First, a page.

This Women’s History Month, let’s take some time to learn about a group of the most badass ladies to ever walk this earth: the 588th Night Bomber Regiment, aka the Night Witches. I wouldn’t be surprised if you hadn’t heard of them before—our history books love to skip straight over women, and even their own country left them out of the victory day parade. But these heroines flew over 30,000 missions and were so feared by Nazis that any German airman who took one out was automatically awarded the prestigious Iron Cross medal. The Night Witches dropped over 23,000 tons of bombs on Nazi targets. They deserve to be remembered.
All over the Soviet Union, women had been fighting for a chance to have more than just a support role in World War II. Following Adolf Hitler’s invasion of the Soviet Union in June 1941 Marina Raskova (pictured above), the first female navigator in the Soviet Air Force, as well as a setter of multiple long-distance flight records, petitioned Soviet dictator Joseph Stalin for permission to form an all-female squadron. On Oct. 8, 1941, Stalin ordered three all-female air force units. Out of them, the 588th Night Bomber Regiment is the only one reported to have stayed exclusively female.
Raskova led the charge, choosing roughly 400 women out of 2,000, ranging in age from 17 to 26. The women trained at the Engels School of Aviation where they learned in mere months what soldiers were typically granted years to grasp. Each woman learned how to be on the ground crew, maintenance, be a navigator and be a pilot. But that was only a fraction of the obstacles they faced; they were looked down upon by men who believed they had no place fighting in the war, were equipped with horrific planes and given fewer supplies than their male counterparts. Their planes were 1920s crop-dusters, the Polikarpov Po-2 biplanes, which had previously only been used for training. They were made of plywood with canvas pulled over, had open cockpits and limited weight capacity. Planes hit with tracer bullets (which have a pyrotechnic charge) burst into flames. Lack of shielding forced the pilots to endure freezing temperatures, frostbite and any elements thrown at them. The weight limit plus a lack of funding meant they weren’t granted parachutes, radar, guns or radios. Instead, the women used rulers, stopwatches, flashlights, pencils, maps and compasses. There were a few upsides though: the planes had a maximum speed that was slower than the Nazi planes’ stall speed meaning that they were able to maneuver more quickly than their enemy. And the women refused to bow to the expectations of the men around them. They danced, did needlework, used their navigational pencils as makeup and decorated their planes with flowers.
The Night Witches’ first mission was on June 28, 1942, to bomb the headquarters of the invading Nazi forces. They were successful! They hadn’t earned their name yet, though. That came from the whooshing sound their planes would make as they glided over their targets. The Germans thought it sounded like the sound made by a sweeping broom and so nicknamed them the Nachthexen or “Night witches.” It was the only warning the planes gave as they were too small to show up on radar and the women wore the name with pride. The Night Witches flew in formations of three planes, carrying a bomb under each wing. The first two planes would attract German attention before veering off in opposite directions, having to duck to avoid enemy attacks. The third plane cut its engine and glided through the darkness to release one of its bombs. To make sure they had an impact, 40 crews containing a pilot and a navigator were sent out each night. They would execute between eight and 18 missions during that time, re-arming between runs. Having to fly at low altitudes because of the weight of the bombs, they flew in the darkness of night.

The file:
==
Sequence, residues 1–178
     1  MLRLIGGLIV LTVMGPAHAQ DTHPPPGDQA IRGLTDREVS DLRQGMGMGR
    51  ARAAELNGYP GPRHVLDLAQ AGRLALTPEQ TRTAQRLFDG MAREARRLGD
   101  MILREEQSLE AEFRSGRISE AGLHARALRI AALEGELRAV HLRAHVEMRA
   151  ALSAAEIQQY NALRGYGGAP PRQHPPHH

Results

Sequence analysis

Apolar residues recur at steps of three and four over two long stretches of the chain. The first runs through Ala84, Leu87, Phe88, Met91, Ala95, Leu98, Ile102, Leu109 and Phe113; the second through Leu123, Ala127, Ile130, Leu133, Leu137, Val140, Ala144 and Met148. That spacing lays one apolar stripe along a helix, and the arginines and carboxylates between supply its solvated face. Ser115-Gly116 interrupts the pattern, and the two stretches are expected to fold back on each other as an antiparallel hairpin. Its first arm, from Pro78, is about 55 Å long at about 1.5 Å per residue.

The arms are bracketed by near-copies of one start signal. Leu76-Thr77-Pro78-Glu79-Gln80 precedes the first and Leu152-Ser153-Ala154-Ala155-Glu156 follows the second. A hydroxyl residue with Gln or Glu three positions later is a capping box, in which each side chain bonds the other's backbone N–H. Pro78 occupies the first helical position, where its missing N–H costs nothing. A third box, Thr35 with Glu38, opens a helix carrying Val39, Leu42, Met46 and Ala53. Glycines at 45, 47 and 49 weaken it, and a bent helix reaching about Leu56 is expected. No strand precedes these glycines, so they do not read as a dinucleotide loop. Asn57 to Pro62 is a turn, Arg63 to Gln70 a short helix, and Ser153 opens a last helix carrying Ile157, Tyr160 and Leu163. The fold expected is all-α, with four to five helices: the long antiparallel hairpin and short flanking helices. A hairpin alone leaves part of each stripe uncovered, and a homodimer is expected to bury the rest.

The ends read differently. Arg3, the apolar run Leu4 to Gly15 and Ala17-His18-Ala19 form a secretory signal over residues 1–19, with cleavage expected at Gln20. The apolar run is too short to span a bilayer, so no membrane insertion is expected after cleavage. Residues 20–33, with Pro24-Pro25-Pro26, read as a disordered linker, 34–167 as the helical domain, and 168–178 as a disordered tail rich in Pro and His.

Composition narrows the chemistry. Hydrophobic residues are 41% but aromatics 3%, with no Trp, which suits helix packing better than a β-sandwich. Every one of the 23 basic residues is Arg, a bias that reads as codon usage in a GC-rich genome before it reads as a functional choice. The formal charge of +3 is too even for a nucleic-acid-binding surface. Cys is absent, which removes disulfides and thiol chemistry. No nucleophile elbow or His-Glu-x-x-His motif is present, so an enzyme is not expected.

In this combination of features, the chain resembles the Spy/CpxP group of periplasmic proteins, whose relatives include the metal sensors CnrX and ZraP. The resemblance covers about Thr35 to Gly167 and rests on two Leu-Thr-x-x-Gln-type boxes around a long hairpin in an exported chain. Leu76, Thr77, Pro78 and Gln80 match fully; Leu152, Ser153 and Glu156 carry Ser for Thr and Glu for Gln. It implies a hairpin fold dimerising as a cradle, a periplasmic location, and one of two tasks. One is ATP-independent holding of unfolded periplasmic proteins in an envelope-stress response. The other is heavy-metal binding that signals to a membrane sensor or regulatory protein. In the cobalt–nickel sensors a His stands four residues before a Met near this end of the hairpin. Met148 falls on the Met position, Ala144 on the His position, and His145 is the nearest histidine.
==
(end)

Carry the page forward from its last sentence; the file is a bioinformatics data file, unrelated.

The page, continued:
The Night Witches’ last flight was on May 4, 1945, within roughly 37 miles of Berlin. Germany officially surrendered three days later. They lost 30 pilots total and 24 of the flyers received the Hero of the Soviet Union title. Raskova had died on Jan. 4, 1943, after being sent to the front line. Her plane never made it, but the accomplishment of leading women from fighting for a chance on a squadron to being sent to the front lines will live on forever. She received the first state funeral of World War II with her ashes being buried in the Kremlin.
After the war, the squadron was converted into the 46th Taman Guards Night Bomber Aviation Regiment and continued to fight for the Soviet Union. Despite their significance in the battles, the victory-day parade in Moscow excluded them, reasoning that their planes were too slow. But they are women who deserve to be celebrated every day. They were given plywood planes and rudimentary supplies, yet they became so feared by Nazis that superhuman rumors were spread about them. They flew planes in the dark of the night, in freezing temperatures, gliding without their engines on to deploy bombs and sailed through hails of gunfire. They were all extraordinary women.
This month celebrate the women throughout history who have fought for you. We may not know all their stories, but every one of us owes our lives to them.